The beauty of Elixir pipe operator

By Michael Anckaert - published on - posted in Programming

I've been programming more in Elixir lately and just wanted to write something about the beauty of the pipe operator.

In a functional language we're used to working with pure functions. This almost always leads to situations where we pass a value from one function to another, creating a sort of mini pipeline to manipulate our data. In textual schematic form: data -> function1 -> function2 -> function3 -> result.

In most languages, this leads to either nested function calls:

defmodule MyPipeline do
  def run do
    function3(function2(function1()))
  end
end

or use of intermediate variables:

defmodule MyPipeline do
  def run do
    var1 = function1()
    var2 = function2(var1)
    result = function3(var2)
  end
end

But in Elixir, we have access to the pipe operator |>. As the name says, this operator acts like a pipe between function. With the pipe operator, our previous example simply becomes:

defmodule MyPipeline do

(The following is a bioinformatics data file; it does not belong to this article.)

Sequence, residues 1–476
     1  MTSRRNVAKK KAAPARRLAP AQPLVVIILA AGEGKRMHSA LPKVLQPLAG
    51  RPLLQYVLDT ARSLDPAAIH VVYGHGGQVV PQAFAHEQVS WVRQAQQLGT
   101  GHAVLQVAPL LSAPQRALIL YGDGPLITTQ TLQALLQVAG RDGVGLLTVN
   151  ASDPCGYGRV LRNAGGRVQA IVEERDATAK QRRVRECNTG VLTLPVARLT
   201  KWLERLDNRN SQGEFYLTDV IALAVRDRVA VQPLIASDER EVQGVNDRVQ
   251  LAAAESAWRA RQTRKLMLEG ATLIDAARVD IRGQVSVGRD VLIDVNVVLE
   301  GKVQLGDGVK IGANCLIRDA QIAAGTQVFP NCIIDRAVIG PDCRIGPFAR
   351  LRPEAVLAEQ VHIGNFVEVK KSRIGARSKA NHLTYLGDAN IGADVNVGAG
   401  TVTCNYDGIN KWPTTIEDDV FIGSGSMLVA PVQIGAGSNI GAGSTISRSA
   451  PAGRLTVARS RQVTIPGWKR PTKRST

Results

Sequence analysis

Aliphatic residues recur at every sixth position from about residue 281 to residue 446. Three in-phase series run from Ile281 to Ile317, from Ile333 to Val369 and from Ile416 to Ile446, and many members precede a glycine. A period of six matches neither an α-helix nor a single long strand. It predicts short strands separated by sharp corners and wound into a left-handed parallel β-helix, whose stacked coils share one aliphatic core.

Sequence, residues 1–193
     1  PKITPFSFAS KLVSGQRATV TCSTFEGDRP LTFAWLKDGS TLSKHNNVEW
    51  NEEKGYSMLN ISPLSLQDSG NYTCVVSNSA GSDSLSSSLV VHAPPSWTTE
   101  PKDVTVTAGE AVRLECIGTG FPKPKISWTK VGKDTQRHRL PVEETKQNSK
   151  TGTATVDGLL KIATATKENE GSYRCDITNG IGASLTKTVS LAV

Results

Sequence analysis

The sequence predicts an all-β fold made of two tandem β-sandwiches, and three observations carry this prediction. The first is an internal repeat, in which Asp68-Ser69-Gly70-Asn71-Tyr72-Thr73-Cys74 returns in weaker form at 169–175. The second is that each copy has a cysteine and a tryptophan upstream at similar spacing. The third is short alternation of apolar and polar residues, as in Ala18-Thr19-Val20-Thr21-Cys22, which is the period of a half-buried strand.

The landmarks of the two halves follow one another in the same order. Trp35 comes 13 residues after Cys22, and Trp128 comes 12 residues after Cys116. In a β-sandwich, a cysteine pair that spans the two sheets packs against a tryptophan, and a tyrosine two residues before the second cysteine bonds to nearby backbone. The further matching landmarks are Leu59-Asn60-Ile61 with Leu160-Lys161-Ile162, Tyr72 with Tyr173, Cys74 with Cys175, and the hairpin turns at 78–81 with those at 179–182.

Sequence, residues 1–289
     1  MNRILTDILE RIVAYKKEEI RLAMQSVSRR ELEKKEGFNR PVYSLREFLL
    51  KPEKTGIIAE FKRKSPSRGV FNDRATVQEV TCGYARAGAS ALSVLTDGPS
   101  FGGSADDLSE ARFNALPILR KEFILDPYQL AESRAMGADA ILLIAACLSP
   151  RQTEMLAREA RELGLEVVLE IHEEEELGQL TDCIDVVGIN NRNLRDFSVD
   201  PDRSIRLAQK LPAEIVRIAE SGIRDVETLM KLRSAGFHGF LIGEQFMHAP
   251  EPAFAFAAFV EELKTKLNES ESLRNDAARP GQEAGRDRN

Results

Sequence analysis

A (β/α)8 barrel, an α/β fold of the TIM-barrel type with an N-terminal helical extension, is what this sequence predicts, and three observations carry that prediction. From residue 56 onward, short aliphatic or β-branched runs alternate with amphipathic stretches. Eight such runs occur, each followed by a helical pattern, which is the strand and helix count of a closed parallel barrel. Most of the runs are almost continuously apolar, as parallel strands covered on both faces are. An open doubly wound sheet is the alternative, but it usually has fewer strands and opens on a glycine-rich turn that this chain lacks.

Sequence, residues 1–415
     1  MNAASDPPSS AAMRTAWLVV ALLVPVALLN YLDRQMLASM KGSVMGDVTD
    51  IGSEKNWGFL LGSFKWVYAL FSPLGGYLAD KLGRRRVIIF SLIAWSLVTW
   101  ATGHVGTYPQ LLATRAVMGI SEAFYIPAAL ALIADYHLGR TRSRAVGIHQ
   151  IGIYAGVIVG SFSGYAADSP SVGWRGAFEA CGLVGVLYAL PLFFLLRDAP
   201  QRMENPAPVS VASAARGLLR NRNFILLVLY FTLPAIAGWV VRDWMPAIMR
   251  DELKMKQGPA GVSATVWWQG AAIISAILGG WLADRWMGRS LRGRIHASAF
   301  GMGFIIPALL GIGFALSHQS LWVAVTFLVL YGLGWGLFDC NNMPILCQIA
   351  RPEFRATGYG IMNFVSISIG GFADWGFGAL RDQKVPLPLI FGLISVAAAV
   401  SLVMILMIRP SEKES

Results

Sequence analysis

def run do
    function1() |> function2() |> function3()
  end
end

It also works when a function takes more than one argument:

defmodule MyPipeline do
  def run do
    function1() |> function2(17) |> function3()
  end
end

As the result of the previous function get passed as the first argument in the next function, the above example will result in a call to function2 which equals function2(function1(), 17).

Using the pipe operator leads to very readable code, which often maps almost directly to pseudo code, schematics or designs. In the example below the code speaks for itself:

 def get_statuses_for_profile(id) do
    get_url(id)
    |> get_data
    |> decode_data
    |> filter_threads
    |> exclude_reblogs
    |> print_statuses
  end